"All this means that the true spirit of the Scout comes from another world than that in which men push and strive for themselves. It comes from a world where honour and truth and unselfishness and brotherhood rule; the world whose name is the Kingdom of God. Let me repeat to you some words written by a brilliant servant of the British Empire in the stress of War. They were sung in Westminster Abbey at the Service of Thanksgiving for the recovery of our King. The writer is full of fervent love for his own country, as you will always be for yours—

‘I vow to thee, my country—all earthly things above—
Entire and whole and perfect, the service of my love.’

Then he remembers—

‘And there’s another country, I’ve heard of long ago
Most dear to them that love her, most great to them that know
We may not count her armies; we may not see her King—
Her fortress is a faithful heart, her pride is suffering—
And soul by soul and silently her shining bounds increase
And her ways are ways of gentleness and all her paths are peace.’

"This other country is the true home of the spirit committed to your trust. Just in so far as you are mindful of her, loyal to her, will you be good citizens of your own country and a friend to all the world. Yes, ‘we may not see her King,’ but He is among us. Some of you have already met Him earlier today. He has said that where two or three are gathered together in His Name, He is in the midst of them. I would that all of you could believe that there is no leader, no comrade, more worth following than this perfect Knight who went out alone on the most splendid adventure in human history, to win by the might of His self sacrifice a place for God’s Kingdom in the hearts of men. I know that by following Him, each true-hearted Scout would keep the spirit committed to his trust.

"You are rejoicing in the stir, the fun, and frolic of this huge camp. You must be filled with pride as you see the greatness of your company. Yet remember each of you carries his own share of responsibility for maintaining its honour and securing its future.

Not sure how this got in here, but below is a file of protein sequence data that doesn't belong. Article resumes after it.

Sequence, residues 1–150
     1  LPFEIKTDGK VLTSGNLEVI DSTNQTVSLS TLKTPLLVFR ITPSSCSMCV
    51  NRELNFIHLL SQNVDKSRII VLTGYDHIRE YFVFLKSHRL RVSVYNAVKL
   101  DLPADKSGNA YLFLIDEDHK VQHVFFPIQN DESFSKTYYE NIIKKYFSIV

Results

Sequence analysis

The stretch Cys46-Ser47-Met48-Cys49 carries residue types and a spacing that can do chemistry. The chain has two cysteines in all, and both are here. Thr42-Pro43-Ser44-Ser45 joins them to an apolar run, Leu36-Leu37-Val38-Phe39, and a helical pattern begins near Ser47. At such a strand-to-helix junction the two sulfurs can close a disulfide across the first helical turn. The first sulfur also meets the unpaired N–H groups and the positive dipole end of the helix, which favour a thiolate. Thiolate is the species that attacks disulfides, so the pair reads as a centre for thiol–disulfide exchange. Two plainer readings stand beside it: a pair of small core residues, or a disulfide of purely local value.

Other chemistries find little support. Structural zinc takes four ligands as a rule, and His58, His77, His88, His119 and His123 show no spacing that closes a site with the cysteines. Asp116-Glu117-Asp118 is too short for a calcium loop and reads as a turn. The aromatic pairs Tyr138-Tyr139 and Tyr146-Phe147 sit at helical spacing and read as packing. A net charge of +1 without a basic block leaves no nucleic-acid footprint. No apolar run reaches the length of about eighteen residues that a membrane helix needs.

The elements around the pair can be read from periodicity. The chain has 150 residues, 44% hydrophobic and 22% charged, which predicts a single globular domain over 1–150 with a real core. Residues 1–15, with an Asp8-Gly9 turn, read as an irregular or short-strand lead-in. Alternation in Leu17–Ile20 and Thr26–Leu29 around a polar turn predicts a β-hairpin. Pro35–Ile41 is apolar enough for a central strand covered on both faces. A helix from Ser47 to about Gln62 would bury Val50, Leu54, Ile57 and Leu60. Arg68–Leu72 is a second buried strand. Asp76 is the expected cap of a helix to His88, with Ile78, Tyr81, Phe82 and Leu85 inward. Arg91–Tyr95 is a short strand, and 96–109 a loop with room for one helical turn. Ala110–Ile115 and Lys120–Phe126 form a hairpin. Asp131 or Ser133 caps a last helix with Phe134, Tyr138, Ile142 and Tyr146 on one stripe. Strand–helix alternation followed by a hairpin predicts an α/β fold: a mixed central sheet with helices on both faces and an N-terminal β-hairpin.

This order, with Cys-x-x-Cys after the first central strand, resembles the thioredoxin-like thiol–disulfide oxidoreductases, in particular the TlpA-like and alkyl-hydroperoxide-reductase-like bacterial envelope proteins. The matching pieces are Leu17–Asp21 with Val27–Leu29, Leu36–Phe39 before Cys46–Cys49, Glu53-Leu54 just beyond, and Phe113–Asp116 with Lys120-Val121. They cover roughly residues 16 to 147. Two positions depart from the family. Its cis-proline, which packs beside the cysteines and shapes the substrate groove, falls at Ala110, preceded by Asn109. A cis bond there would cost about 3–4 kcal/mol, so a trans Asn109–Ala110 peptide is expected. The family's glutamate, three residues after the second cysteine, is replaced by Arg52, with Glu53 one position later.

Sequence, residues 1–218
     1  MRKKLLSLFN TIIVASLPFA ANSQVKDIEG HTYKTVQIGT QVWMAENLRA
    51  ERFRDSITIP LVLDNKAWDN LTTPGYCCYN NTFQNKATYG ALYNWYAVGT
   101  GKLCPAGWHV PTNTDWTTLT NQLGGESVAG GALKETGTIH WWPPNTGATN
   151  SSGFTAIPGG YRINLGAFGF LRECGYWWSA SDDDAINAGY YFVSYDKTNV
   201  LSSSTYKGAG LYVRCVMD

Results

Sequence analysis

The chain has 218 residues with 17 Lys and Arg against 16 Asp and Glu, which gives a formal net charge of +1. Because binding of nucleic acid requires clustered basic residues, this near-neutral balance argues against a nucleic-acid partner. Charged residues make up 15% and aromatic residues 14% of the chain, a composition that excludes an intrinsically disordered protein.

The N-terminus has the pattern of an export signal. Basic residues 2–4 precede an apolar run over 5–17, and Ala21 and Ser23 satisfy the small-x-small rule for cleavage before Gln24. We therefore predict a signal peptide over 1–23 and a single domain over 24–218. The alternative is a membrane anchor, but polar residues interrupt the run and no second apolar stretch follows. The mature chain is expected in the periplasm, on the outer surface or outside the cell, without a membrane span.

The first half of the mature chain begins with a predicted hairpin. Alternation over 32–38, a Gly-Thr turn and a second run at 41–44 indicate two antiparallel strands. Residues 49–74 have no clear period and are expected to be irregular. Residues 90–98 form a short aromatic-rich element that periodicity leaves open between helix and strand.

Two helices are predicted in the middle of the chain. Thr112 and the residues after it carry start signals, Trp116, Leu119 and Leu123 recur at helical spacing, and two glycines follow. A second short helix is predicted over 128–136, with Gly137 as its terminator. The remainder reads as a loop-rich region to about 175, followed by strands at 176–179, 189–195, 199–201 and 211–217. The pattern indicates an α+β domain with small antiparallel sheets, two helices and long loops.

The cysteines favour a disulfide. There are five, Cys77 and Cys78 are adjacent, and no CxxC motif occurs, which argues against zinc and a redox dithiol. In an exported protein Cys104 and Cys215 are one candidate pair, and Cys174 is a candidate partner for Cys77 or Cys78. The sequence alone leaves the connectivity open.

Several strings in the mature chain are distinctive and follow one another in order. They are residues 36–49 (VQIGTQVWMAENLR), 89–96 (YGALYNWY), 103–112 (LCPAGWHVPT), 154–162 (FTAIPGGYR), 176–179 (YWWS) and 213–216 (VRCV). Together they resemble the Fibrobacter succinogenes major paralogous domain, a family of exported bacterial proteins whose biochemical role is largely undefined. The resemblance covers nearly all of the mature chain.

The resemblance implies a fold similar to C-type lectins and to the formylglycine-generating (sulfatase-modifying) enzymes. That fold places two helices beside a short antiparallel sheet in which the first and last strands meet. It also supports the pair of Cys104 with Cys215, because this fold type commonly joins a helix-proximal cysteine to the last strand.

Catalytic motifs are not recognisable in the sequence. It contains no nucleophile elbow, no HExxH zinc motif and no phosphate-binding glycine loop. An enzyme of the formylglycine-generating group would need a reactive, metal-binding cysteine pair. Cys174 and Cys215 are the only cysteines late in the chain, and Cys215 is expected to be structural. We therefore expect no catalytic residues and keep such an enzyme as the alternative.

"Many years we hope may still be given to the Chief Scout, but when he lays down his noble work it is for you—Scouts, Rovers, Scoutmasters, to carry it on. This you will do if everywhere you keep its spirit high and true. Of that spirit you are trustees. It is a great thing which is committed to your trust. Keep it."


  Canada’s Scouts at the World Jamboree 1929. The story of the Canadian Contingent’s experiences at Arrowe Park from the Report to the Governor-General and Chief Scout for Canada (Courtesy of Kevin Snair, Nova Scotia, Canada)
  Message of King George V delivered by the Prince of Wales, August 2nd, 1929
  The Duke of Connaught’s address, Wednesday, July 31st, 1929
  The Prince of Wales’ address, Friday, August 2nd, 1929
  The Archbishop of Canterbury’s address at the Service of Thanksgiving,
Sunday, August 4th, 1929, "A SOLDIER’S DREAM"
  The Chief Scout’s Closing Address, August 12, 1929
  Baden-Powell Photo Gallery
3rd World Jamboree, Arrowe Park, England, 1929
Words and Pictures
  Baden-Powell Photo Gallery:
The Frank Donahoe Collection
Photos from the 3rd World Jamboree

  Baden-Powell Photo Gallery
Baden-Powell at the World Jamborees
Links to the World Jamborees, 1920-1937
  The Baden-Powell Home Page

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Last Modified: 3:19 PM on June 21, 1997